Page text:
From ongoing chip shortages to higher steel and freight costs, and everything in between, parts and equipment are difficult to come by.
Considering the various headwinds, what is the status of the equipment cycle?
It's elongated, said Scott Youngs, transportation leader at Insight Sourcing Group.
"Fleets who might normally trade in their units aren't. When used equipment does go on the market, fleets are paying ridiculous prices," he said.
Mario Harik, XPO Logistics CIO and acting president for LTL, said equipment cycles vary from fleet to fleet. But they have one thing in common: "Carriers are all feeling the equipment shortage."
FTR Vice President of Commercial Vehicles Don Ake said, "there is no equipment cycle."
Whatever the description, the industry's reality is that the equipment cycle is acutely abnormal. For big fleets, this means fewer opportunities to buy new, as they are accustomed to doing. For smaller fleets, there are fewer high-quality used trucks coming on the market.
"Delayed order fulfillment has them rethinking their labor and equipment expense strategies as they struggle to provide more capacity to a hot rate environment spurred by the pandemic," said Youngs.
Paying the price
With the lack of available equipment across the board, fleets are facing the dilemma of how to keep aging trucks on the road safely and efficiently.
"In some cases, they are taking parts from older units they need to retire and placing them in another truck," said Ake. "It's about maximizing the time they can keep trucks on the road."
This comes at a cost, said Youngs. Maintenance is generally more expensive for older vehicles than younger ones.
"With our current inflationary times, the costs for these parts and services are also increasing at a dramatic rate and something carriers will need to track closely," he said.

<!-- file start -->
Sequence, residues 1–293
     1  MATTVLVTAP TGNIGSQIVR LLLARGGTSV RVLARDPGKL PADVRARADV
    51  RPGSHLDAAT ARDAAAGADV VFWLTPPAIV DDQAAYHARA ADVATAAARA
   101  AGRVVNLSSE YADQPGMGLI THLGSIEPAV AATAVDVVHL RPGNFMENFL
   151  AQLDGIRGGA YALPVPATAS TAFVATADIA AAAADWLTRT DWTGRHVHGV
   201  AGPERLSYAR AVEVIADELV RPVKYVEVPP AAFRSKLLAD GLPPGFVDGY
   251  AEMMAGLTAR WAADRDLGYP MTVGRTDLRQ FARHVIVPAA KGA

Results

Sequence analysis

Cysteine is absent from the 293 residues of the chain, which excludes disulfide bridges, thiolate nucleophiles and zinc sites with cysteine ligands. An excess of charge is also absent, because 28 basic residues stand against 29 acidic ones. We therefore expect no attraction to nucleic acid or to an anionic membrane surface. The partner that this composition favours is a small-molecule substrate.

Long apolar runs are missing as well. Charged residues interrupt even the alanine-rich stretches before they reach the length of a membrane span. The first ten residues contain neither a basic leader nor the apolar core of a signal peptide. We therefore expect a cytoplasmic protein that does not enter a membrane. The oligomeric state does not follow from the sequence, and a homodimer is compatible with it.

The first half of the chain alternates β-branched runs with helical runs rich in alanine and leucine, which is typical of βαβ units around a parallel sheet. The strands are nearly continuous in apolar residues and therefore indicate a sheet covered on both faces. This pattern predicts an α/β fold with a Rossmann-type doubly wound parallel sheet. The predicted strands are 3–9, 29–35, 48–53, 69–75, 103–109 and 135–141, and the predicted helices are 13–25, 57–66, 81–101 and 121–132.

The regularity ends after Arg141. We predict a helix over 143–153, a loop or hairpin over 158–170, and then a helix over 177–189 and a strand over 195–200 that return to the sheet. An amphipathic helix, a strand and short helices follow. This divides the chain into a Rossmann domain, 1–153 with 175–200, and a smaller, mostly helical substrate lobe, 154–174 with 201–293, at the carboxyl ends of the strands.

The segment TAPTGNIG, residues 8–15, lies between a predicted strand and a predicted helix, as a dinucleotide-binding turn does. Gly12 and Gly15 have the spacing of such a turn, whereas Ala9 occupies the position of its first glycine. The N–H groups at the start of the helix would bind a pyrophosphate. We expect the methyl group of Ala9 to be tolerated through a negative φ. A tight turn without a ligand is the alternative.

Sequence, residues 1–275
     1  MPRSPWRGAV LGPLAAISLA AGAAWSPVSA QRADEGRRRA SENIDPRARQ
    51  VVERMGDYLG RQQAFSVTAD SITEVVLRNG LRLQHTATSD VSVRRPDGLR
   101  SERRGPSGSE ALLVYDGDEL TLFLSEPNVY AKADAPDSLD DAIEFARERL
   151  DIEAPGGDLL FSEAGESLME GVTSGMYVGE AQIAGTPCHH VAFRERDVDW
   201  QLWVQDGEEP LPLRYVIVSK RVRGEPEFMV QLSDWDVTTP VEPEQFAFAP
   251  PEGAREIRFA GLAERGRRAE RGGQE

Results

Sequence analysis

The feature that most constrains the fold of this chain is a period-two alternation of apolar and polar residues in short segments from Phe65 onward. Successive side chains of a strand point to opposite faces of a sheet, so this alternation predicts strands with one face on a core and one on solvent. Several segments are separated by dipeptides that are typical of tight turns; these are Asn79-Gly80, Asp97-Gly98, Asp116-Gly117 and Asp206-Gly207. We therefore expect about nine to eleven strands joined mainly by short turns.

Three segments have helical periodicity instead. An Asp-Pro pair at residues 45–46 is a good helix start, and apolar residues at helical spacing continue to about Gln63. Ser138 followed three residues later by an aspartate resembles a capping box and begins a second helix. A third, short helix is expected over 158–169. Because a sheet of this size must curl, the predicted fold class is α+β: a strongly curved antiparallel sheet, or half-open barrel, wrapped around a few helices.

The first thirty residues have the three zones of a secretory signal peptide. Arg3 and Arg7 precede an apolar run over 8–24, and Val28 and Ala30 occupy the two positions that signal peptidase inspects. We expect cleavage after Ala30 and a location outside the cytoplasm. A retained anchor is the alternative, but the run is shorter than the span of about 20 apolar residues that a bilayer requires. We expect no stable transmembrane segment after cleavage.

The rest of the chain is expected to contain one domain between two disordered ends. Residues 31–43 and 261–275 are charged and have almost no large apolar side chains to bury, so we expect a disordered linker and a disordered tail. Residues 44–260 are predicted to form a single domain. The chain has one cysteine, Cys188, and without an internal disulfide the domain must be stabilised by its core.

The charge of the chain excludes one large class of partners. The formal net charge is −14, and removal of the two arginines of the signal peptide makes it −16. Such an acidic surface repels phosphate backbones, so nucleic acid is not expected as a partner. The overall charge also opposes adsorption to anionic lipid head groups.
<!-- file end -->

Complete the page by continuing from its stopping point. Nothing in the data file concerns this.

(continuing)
A hidden cost can be lost business.
"Client service attainment can be impacted if older equipment begins to break down more frequently," said Youngs. "This can hurt the client relationships as pick-up and delivery service averages decline."
Also necessary to calculate these costs is fuel. As older units might not feature fuel saving technologies that allow for higher miles per gallon averages, margins can begin to erode, said Youngs.
"When used equipment does go on the market, fleets are paying ridiculous prices."
Transportation Leader at Insight Sourcing Group
There's a trickle-down effect to the elongated equipment cycle, too, he added. One is a fleet's ability to attract new recruits, already an issue when there's a driver shortage of 80,000.
"New equipment is an attractive benefit for recruiting much-needed driver labor," he said. "Drivers will certainly consider the company fleet availability when deciding where they would like to work. This means carriers will need to keep equipment clean and running in top condition to allow for limited interruptions to loaded miles."
In the past, fleets would work to increase their trailer count, or move trailers around to max out capacity, to deal with labor constraints. But now that there's a trailer shortage, "that's not an option," he said.
At XPO, creativity is helping to offset equipment struggles. It manufactures its own trailers in Searcy, Arkansas.
"We recently added a second production line there, and we expect to nearly double the trailers we make there in 2022 compared to last year," he said.
Hinging on supply chains
After two years of equipment shortages, do fleets have any reason for optimism in 2022 and into 2023?
Ake said that the FTR forecast assumes there will be some supply chain improvements in the second half of the year, hopefully coming from the supply of semiconductors.
"It all revolves around the supply chain," he added. "In the past, the industry has been able to improve supply chain flow, but this time around, it's so severe, that's not the case."
From Youngs' perspective, the coming year will continue to prove challenging.
"Carriers will continue to see order backlogs and delayed purchase commitments through the year for new units, and struggle with the rising repair and maintenance costs to keep older units on the road," he said.
Historically, the trucking industry has always been resourceful in tough times, and Ake said that it continues to do the best it can to cope with equipment shortages.
"It's not for lack of effort," he said. "It's just much tougher this time."